To whom it may concern
Exactly two weeks ago marked 67 years since my mother delivered me to an unsuspecting world.
Didn’t think too much of it, another day, another missed putt that was eminently makeable. Grandson’s ballgame to attend, grandaughters once again amusing themselves as best they could — a good day.
But that night, sitting with Otis the pup, who turned 15 yesterday, I got to thinking.
My dad, Gilbert Sr., was 67 when he passed away in 1993. This past week, a friend and political ally of my dad’s in the battle of Dunkirk politics that once existed in the city, Len Catalano, passed away. Len’s son Rich said something at the wake — as he has before — that struck a chord with me, our two fathers lived life, enjoyed what they did, and “went after it.”
Are you “going after it?”
One thing I’m not particularly good at going after is projects around the house, been saving up a lot of those projects for either one of two events, winter or retirement. Now to be sure, winter will get here first and I’ll probably jump right in — for about two days. What the Mrs. would likely tell you is that would be one day more than usual — maybe one and a half days.
What can I say in my defense? How about this?
If it’s not leaking, sparking, smoking, or a spill doing damage, it can wait.
Or this one. I’m not sure that color of paint will look any better than what you picked out that is already on there. Remember to duck after saying something like that and start moving — quickly.
Another thing that is moving quickly along is — you got it — summer.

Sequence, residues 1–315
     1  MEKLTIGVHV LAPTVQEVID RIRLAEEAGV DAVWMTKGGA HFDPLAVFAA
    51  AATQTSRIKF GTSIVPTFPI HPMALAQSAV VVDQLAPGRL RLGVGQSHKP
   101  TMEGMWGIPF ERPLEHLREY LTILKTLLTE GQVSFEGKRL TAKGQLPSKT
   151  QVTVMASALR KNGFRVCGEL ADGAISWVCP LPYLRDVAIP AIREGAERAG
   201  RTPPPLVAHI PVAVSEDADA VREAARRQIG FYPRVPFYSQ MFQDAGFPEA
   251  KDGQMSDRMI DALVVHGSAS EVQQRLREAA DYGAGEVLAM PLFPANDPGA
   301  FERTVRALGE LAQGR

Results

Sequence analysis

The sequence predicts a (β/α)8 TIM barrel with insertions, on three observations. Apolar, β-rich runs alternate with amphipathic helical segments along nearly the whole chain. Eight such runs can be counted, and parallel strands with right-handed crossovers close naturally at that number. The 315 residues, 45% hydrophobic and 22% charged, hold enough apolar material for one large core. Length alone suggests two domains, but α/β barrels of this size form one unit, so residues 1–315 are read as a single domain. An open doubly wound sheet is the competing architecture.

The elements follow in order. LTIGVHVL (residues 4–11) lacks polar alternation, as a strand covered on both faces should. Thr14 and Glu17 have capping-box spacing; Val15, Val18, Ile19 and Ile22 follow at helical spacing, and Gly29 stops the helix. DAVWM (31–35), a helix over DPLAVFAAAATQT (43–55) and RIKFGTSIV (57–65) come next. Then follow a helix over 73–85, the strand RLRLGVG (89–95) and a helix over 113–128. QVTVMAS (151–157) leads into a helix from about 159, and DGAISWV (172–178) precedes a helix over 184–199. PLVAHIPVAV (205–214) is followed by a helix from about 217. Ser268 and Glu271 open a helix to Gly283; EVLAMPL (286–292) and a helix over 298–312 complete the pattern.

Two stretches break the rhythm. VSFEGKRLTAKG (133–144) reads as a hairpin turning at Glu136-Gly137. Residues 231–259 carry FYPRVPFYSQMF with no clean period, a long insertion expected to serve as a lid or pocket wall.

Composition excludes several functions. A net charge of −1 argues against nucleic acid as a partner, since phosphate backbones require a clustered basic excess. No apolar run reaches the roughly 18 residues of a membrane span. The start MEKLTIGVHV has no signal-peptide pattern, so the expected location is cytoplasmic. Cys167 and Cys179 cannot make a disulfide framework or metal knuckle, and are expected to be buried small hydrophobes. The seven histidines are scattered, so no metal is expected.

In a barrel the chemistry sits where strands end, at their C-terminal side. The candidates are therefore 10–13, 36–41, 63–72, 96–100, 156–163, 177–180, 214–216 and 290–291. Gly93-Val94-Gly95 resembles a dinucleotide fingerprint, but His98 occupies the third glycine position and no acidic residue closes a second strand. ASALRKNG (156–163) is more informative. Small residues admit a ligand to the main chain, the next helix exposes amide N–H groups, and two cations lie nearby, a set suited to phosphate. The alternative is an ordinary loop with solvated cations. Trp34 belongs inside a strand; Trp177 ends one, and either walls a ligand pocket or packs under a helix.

What do you like most about summer? Either this one or summers in general? What was the best summer you ever had? The worst?
Summers are indeed the season for reunions and there are plenty of reunions this summer — this week in particular — as classes are gathering this first weekend in August to coincide with the alumni golf tournament at Shorewood Country Club on Friday. The event has grown, due in large part, to Bill Bamonto, Mike Criscione and the rest of the volunteers. The golf is good, but arguably the most fun is seeing people from “back in the day” — and sharing stories and laughs. The two-putt rule helps keep things moving along.
And as always, life keeps moving right along. Other than a stint in the Army, I have been “local” — and maybe “loco” — the rest of the time. For those folks who grew up in the local area but spent their adult years elsewhere, I have a request.
I am wondering what sets of eyes that did not remain local see when they are visiting the place(s) they lived during their “formative” years. What differences do you see from what you recall in the downtowns of Dunkirk and Fredonia, parks, playgrounds and neighborhoods?
If you are so inclined, please send comments to email@example.com and I’ll let you know the results of this informal survey.
In the meantime, enjoy summer and the reunions. And remember to duck if you hear me yell “Fore!”
Gib Snyder is the OBSERVER Lifestyles Editor